He’s not predicting when, where or how much, but St. John’s IceCaps head coach Keith McCambridge says Josh Morrissey and Eric Comrie, “will get the opportunity to play” now that the two teenagers have reported to the American Hockey League team.
Morrissey, a 19-year-old defenceman, and Comrie, an 18-year-old goaltender, were the Winnipeg Jets’ first- and second-round picks, respectively, in the 2013 National Hockey League Entry Draft, and are viewed as being among the top prospects in all of major junior hockey.
The IceCaps (41-22-5) are fairly close to clinching a playoff berth for the Calder Cup playoffs beginning later this month, but are also looking to maintain at least a top-four finish in the AHL’ s Eastern Conference so as to gain home-ice advantage in the first round of the postseason.
However, when asked how the IceCaps’ position in the standings might affect his use of Morrissey and Comrie, McCambridge would not be pinned down. He also noted there were other factors to be considered
“I can’t commit to that with how its going to play out,” he said. “For one thing, you never really know how what your roster’s going to look like.
“A couple a days ago, we were looking at having three goalies. Now, it’s two. We had eight defenceman on our last road trip and we came back with six,” said McCambridge referring to the recent recalls of goalie Michael Hutchinson and defencemen Ben Chiarot to the Jets,
“But, from my point of view, we’ve added two really strong players to our roster. They’re a first-round pick and a second-round pick, so they obviously are high-quality players and they will get the opportunity to play.”
The Jets, IceCaps and McCambridge do have a history of ensuring top prospects arriving from junior at this time of year see considerable playing time — Mark Scheifele appeared in 10 playoff games for St. John’s in 2012, while fellow forward Adam Lowry got into nine regular-season contests last spring.
Morrissey, who turned 19 Friday, had an outstanding season with the Western Hockey League’ Prince Albert Raiders, leading all WHL rearguards with 28 goals and 73 points and is the Eastern Conference nominee for the junior league’s defenceman of the year award.
The Calgary native has a reputation for leadership — he was the Prince Albert captain this season— and smarts, on and off the ice. He was the Canadian Hockey League’s Scholastic Player of the Year in 2012-13 after maintaining a 92.4 average in his Grade 12 studies.
The six-foot, 185-pound blueliner also played for Canada at the most-recent world junior hockey championship, scoring a goal and adding two assist in seven games.
“He’s an outstanding skater, really smooth,” said McCambridge, who got an up-close look at Morrissey during the Jets’ prospects camp last year. “His puckhandling skills are at a real high level. Obviously, the offensive side is in his game, but from what I’ve seen, he can also play a two-way game.
“Here’s a guy who can come in and help with the offensive side and possibly we can see where he fits on special teams.”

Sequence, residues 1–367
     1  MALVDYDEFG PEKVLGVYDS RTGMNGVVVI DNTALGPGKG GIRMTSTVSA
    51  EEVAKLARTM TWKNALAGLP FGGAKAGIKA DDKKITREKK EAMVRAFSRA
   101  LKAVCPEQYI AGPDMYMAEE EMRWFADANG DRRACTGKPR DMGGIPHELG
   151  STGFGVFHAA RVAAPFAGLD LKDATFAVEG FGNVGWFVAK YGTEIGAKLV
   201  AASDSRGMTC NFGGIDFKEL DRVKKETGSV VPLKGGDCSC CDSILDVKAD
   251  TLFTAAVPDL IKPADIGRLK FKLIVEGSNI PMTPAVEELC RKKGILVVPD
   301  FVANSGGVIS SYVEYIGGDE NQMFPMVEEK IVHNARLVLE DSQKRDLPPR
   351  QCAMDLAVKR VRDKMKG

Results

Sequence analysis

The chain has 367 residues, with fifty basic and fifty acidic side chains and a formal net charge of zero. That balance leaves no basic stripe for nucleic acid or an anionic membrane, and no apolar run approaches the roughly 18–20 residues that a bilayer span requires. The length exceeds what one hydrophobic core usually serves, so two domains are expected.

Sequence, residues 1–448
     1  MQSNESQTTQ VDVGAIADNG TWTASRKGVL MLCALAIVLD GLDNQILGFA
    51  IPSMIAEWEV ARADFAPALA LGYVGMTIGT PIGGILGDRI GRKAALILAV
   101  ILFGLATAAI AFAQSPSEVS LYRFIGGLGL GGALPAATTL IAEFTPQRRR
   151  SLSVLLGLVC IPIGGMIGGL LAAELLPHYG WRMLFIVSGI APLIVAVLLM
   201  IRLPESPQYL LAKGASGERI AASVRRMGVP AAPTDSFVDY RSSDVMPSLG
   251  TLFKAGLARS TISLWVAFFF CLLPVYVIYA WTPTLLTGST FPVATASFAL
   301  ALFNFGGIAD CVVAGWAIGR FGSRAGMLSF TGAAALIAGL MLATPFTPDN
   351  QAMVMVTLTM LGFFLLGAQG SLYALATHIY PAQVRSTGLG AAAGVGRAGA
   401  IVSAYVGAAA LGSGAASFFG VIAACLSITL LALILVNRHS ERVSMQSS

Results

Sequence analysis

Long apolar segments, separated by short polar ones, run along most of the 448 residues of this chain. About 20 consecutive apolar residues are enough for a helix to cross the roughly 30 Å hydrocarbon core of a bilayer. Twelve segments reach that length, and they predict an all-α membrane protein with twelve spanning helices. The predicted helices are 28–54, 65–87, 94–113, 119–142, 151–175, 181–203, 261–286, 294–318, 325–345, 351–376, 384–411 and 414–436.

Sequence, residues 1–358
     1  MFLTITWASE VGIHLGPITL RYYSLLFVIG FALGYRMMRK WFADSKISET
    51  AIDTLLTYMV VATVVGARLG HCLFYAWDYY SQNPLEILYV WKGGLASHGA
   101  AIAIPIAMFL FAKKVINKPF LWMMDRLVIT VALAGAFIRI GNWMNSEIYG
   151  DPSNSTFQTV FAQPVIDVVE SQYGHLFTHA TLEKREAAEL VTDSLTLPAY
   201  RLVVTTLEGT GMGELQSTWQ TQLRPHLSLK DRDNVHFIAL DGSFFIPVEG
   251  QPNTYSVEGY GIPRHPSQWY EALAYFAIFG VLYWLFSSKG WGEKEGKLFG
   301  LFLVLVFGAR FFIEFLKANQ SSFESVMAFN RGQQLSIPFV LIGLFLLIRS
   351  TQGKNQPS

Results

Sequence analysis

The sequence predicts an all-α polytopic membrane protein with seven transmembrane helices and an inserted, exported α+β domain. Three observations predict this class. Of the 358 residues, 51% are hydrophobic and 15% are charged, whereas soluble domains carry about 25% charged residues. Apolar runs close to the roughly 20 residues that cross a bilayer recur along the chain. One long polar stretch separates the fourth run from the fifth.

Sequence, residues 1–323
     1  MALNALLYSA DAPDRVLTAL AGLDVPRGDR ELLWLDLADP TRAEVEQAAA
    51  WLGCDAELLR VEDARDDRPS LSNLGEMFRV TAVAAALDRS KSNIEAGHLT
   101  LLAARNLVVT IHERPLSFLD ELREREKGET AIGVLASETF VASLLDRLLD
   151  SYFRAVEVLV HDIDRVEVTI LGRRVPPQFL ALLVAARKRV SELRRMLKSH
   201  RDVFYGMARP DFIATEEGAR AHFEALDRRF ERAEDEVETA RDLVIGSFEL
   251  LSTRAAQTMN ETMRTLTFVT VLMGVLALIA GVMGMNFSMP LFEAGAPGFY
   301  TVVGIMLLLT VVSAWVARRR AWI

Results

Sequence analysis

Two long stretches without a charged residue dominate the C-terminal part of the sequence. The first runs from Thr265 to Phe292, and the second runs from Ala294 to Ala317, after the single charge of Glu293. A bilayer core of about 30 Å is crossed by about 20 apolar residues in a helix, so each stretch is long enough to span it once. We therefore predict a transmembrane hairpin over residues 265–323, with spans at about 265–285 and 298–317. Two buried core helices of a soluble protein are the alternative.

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Morrissey, the 13th overall pick in the 2013 NHL draft, handled big minutes for the Raiders this past season, but McCambridge said that could be the basis for his biggest adjustment to the pros.
“The thing for guys coming up from the junior ranks, the ones who are 27-, 29-minute guys, is that they pace themselves at the junior level because of how much ice time they get, whereas in the American league, at the professional level, there always has to be tempo to your game.
“It’s not a matter of trying to make sure the pace of your game is at a certain point so you can manage the minutes you’re given.
“It’s making sure your A to B is at a real high intensity all the time, every shift.
“They can’t pick their spots here.”
Comrie was the 59th overall pick of the last Entry Draft, but probably would have gone higher had he not underwent season-ending surgery on both his hips in January of 2013.
The operations and resulting down time certainly didn’t affect him this season.
The Edmonton native — who is the half-brother of former NHLers Mike and Paul Comrie — played 60 games with the WHL’s Tri-City Americans, posting a 26-25-9 record, 2.57 goals against average and .925 save percentage that ranked second amongst all league goaltenders. He’s seen as a leading candidate to play for Canada at the next world junior championships.
“First impression is that he’s a strong technical goalie and that he’s really dialled into the game. He really switches gear and looks driven,” said McCambridge.
With Hutchinson in Winnipeg and Jussi Olkinuora having been returned to the Ontario Reign of the ECHL, the six-door, 175-pound Comrie is one of two netminders on the St. John’s roster, the other being Tyler Beskorowany.
“With the goalie situation here, we’ll see how it plays itself out here,” said McCambridge, “but we’d like to get him (Comrie) some games also.”
The IceCaps play Friday night when they begin a six-game homestand, their last one of the regular season, as they take on the Springfield Falcons in the first of back-to-back games at Mile One Centre.
Morrissey has been assigned jersey No. 6, while Comrie gets 30. Both have already been signed to entry-level NHL deals with the Jets, but will operate under amateur try-out deals with St. John’s.
“I got a chance to talk to them today,” said McCambridge Tuesday. “They’re both really good kids and they’re excited to be here.
“That’s a great way to start.”